We would like to thank IACAP and the ECAP steering committee for giving us the opportunity to organize the conference in 2007 and for helping us in publishing this volume. For guaranteeing high scientific quality, all contributions of this volume have been read by several referees. Here, we would like to thank them for their time and their vital contribution to this volume. Special thanks go to our Master student Maurice Liebregt who put a substantial amount of time and effort into the layout of the chapters and who very patiently incorporated all last minute corrections.
 L. Burkholder (ed). Philosophy and the Computer. Boulder, San Francisco, Oxford: Westview Press 1992.
After a brief introduction that sets out the overall argument of the paper in summary, the second part of the paper will offer a meta-ethical framework based on the moral theory of Alan Gewirth, necessary for determining what, if any, ought to be the ethics that guide the conduct of people participating in virtual worlds in their roles as designers, administrators and players or avatars. As virtual worlds and the World Wide Web generally, are global in scope, reach and use, Gewirth's theory, which offers a supreme principle of morality, the Principle of Generic Consistency (PGC) that establishes universal rights for all persons always and everywhere, is particularly suitable for this task. The paper will show that persons both in the real world and in virtual worlds have rights to freedom and wellbeing. Strictly with regard to agency those rights are merely prima facie but with regard to personhood framed around the notion of self-respect those rights are absolute. The third and final part of the paper will examine in more practical detail and application why and how designers, administrators and avatars of virtual worlds are rationally committed on the basis of their own intrinsic purposive agency to ethical norms of conduct that require the universal respect of the rights of freedom and well-being of all agents, including their own. Using Alan Gewirth's argument for the Principle of Generic Consistency (Reason and Morality, 1978) and my expanded argument for the PGC in my Ethics Within Reason: A Neo-Gewirthian Approach (2006), the paper will specifically seek to demonstrate that insofar as avatars can be viewed as virtual representations or modes of presentations of real people (at least with regard to some virtual worlds in which the virtual agency of the avatar can be considered an extension of the agency of the person instantiating the avatar in the real world) and thus can and must be perceived as virtual purposive agents, then they have moral rights and obligations similar to those of their real counterparts. Finally, the paper will show how the rules of virtual worlds as instantiated by the designers' code and the administrators' end-user license agreement (EULA), must always be consistent with and comply with the requirements of universal morality as established on the basis of the PGC. When the two come into conflict, the PGC, as the supreme principle of morality, is always overriding.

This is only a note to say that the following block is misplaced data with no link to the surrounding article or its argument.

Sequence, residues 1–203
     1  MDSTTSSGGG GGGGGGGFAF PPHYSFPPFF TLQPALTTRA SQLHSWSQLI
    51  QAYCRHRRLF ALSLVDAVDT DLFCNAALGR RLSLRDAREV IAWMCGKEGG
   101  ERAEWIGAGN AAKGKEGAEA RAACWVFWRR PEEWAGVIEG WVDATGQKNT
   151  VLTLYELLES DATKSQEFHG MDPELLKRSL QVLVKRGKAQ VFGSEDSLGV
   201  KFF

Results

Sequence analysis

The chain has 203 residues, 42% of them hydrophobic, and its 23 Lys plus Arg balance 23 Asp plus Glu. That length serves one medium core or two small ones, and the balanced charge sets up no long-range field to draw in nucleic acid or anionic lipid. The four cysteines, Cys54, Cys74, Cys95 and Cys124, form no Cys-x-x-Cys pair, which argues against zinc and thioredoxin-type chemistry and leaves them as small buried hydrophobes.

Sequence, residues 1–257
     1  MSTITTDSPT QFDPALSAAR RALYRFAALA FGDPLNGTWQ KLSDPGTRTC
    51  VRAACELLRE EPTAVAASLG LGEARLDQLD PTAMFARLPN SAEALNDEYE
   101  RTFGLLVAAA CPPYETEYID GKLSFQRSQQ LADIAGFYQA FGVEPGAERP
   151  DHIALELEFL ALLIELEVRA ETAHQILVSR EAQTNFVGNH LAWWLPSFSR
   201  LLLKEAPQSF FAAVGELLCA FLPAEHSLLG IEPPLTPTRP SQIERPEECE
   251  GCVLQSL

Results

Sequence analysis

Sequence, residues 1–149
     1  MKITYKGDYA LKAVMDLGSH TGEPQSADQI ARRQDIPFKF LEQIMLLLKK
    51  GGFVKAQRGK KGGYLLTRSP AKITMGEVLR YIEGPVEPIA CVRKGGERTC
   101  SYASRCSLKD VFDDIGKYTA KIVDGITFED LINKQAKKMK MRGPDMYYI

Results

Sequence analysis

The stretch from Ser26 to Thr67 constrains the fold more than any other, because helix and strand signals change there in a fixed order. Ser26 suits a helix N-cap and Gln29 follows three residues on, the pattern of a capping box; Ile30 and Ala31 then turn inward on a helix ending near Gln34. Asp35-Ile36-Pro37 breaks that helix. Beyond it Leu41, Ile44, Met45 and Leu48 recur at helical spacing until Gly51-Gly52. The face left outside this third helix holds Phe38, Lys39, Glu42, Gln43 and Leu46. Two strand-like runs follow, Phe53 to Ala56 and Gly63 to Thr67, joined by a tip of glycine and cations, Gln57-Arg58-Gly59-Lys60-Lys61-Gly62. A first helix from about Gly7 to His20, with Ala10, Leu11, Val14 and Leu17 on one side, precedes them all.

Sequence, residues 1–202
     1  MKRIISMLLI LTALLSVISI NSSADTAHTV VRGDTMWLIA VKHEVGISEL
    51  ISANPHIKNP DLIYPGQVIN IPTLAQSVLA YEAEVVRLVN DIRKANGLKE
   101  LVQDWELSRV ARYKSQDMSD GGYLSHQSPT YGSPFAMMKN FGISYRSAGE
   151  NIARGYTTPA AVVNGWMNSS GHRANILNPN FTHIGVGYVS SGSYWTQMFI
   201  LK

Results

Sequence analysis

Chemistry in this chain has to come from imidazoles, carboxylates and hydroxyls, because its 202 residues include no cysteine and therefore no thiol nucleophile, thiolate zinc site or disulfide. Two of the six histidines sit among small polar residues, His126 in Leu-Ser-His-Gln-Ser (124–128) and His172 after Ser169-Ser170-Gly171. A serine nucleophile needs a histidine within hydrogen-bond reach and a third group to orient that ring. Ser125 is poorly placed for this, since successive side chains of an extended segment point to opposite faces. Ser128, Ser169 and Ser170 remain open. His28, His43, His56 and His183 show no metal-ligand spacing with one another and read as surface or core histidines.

This paper introduces an alternative view of virtual environments based on an analysis of two opposing views: the Traditional View and the Ecological View. The Traditional View argues for a representational view of perception and action susceptible of being mapped onto virtual settings. The Ecological View, which is inspired by Gibson's ecological approach to perception, considers that perception and action are inseparable, embodied processes that do not imply mental representations. The alternative view put forward here claims for an articulation of the opposing views, namely the Ecological/Representational view of virtual environments, providing the notion and levels of representation implied in perceptual and agentic processes is functionally defined.
There seems to be a difference in the way we interact with reality and a reality experienced while playing computer games. I will argue that one of the most important features that distinguishes external world (or Open Reality) from reality experienced while playing computer games (or Closed Reality) is the degree of complexity, that is, the richness of the stimuli and the number of options available. One of the main consequences of the lower complexity of Closed Reality is that playing computer games triggers different cognitive alterations in an effortless and automatic manner. The question I ask is what really changes in our cognitive processing when we play computer games. One of the answers is that there is a change in the agent's cognitive representation of reality. Additionally I will suggest that there seems to be a change in the cognitive self while playing avatar-based computer games. I will discuss the last point in the brief context of identity problem and possible psychological implications.